As his few remaining hours with a place to live ticked by last Thursday, Scott Alexander panhandled near a McDonald’s in Brattleboro, in southern Vermont, while running through a mental checklist of the supplies he would need for a move back into the woods nearby.
He had a tent and sleeping bags for himself and his wife, a propane stove and a heater. But he needed tarps and propane, and in two hours of holding his battered cardboard sign — “Any Act of Kind Greatly Appreciate” — he had made only $3.
“It feels like a countdown,” Mr. Alexander, 41, said as he eyed the storm clouds gathering overhead. “I’ll be up all night, trying to get ready.”
In the progressive bastion of Vermont, it was a point of pride that the state moved most of its homeless residents into hotel rooms during the coronavirus pandemic, giving vulnerable people a better chance of avoiding the virus.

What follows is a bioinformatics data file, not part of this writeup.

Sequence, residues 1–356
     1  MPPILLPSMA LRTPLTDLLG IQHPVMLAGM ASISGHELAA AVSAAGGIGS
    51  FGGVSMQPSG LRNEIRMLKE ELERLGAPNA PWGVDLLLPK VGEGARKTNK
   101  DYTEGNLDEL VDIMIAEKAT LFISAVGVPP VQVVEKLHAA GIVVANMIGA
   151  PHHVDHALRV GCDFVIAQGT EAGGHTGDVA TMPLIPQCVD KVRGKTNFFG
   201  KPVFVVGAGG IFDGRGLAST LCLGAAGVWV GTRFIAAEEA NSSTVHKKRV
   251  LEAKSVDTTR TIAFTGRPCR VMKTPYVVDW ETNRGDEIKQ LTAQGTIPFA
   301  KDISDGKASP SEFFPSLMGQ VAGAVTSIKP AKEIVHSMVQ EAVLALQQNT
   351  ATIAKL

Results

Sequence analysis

But this month, the state began emptying hotels of about 2,800 people living there — most of them with nowhere else to go. Driven by the recent end of pandemic-era federal funding for emergency housing, the expulsions have spawned a state budget standoff and, in some quarters, painful soul searching about Vermont’s liberal values, and the limits of its good intentions.
The situation has also highlighted the growing importance of hotels in the housing crisis nationwide, for people whose other options are tents or sidewalks, and for local governments stymied by a paralyzing lack of affordable housing.
Between March 2020 and March 2023, Vermont spent $118 million in funding from the Federal Emergency Management Agency, and $190 million in federal money altogether, to house people in hotels, according to the state, broadly expanding a program that had long provided shelter in motels in snowy or frigid weather.